Jeremy Corbyn, the new Labour leader, is widely seen as a dangerous, urban leftist, a threat to middle England. The only good thing the Daily Telegraph has found to say about him is that it approves of his vest.
But on planning and the countryside, Corbyn’s views seem remarkably old-fashioned. The poor man appears still to believe that governments should build houses for those who cannot afford to buy them, and plan where they should go.
We know at least something of what Corbyn thinks about these things because during the leadership campaign, alone among the candidates, he pumped out policy documents. We also know that he does not spend all his spare time at liberation rallies.
According to his local paper, he bakes his own bread, has “a fascination with British cheese – he’s a Stilton man – and a love of his allotment in East Finchley, where he can be found digging at weekends”. The local achievement of which he is proudest is helping create the Gillespie Nature Park in his constituency, when there were plans to build on the site. He supports the Green Belt and recognises the importance of children engaging with nature.
In a recent paper on Rural Renewal he says: “I was born in rural Wiltshire and grew up in Shropshire… Labour must become as much a party in communities like the one in which I was born as it is in inner city constituencies like the one I represent.”
The paper notes that “farming is at the heart of the rural economy, and its benefits are felt… throughout Britain”. On milk prices, he says: “It is simply not fair that any worker should have to sell their product for less than it costs them to produce…” Farming subsidies, he says, “should go to farmers engaging in the most ecologically sustainable practices, not those with the largest landholdings”.
There is little anyone could object to in Rural Renewal, though it is aimed more at those “struggling with issues such as housing costs, public service cuts and social exclusion” than at rural communities as a whole.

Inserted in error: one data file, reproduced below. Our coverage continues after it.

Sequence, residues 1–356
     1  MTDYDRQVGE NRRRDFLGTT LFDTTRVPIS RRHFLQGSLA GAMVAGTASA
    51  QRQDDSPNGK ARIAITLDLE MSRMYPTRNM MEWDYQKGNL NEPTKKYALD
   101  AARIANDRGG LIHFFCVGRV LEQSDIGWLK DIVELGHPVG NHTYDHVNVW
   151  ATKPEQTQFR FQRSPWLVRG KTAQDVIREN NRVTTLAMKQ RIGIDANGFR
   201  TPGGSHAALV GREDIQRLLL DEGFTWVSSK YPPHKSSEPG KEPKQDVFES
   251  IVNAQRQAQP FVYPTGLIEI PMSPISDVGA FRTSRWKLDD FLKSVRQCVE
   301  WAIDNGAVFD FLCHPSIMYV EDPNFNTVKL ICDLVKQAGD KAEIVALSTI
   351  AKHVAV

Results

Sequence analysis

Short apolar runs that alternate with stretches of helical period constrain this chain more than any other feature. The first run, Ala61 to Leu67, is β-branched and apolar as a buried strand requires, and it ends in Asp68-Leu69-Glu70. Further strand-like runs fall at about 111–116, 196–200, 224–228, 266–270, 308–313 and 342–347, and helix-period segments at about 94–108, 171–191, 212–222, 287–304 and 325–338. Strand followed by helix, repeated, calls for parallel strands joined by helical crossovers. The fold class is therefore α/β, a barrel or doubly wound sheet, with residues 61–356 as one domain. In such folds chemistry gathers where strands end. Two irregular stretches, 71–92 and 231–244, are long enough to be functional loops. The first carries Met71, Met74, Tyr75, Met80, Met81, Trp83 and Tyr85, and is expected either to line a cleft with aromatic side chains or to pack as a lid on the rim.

Perhaps more important than Jeremy Corbyn’s policies, or even his love of British cheese, is the fact that his politics look back to an era before the market was the measure of all things. One of the important divisions in British politics now is not between the political parties, but between those who believe essentially that you cannot buck the market and that economic growth is the overriding aim of politics, and those who sometimes want to constrain markets in the public interest – including through the planning system.
Within the Conservative Party, this is characterised as a difference between Economist Tories and Country Life Tories. The Labour Party has the same divisions. In these post-ideological times I have heard Labour MPs who apparently take their lines on planning from the Institute of Economic Affairs or the Adam Smith Institute (the Adam Smith Institute for the Criminally Insane, as Alan Bennett calls it).
Jeremy Corbyn is not post-ideological and he is not a moderniser. The greatest radical of modern British politics was Mrs. Thatcher, and unlike most Labour politicians (and most voters?) he has not accommodated himself to the changes she brought about. His politics remind me of Christopher Logue’s 1966 poem:
I shall vote Labour because deep in my heart I am a Conservative.
OK, Jeremy Corbyn’s election as Labour leader is unlikely to be hailed by voters in rural England. He will be judged on his views on foreign policy, defence, human rights, the economy and many areas of policy not covered in this blog. He will need more than policies to win over sceptics, starting perhaps with a patriotic narrative on Britishness or even Englishness.
But on housing, planning, the environment and wider rural issues, it is good that Jeremy Corbyn has had something to say, and that it has been thoughtful and sensible.
 John Gray: “The irony of Thatcher’s career is that the process she set in motion has erased forever the past to which she dreamed of returning.”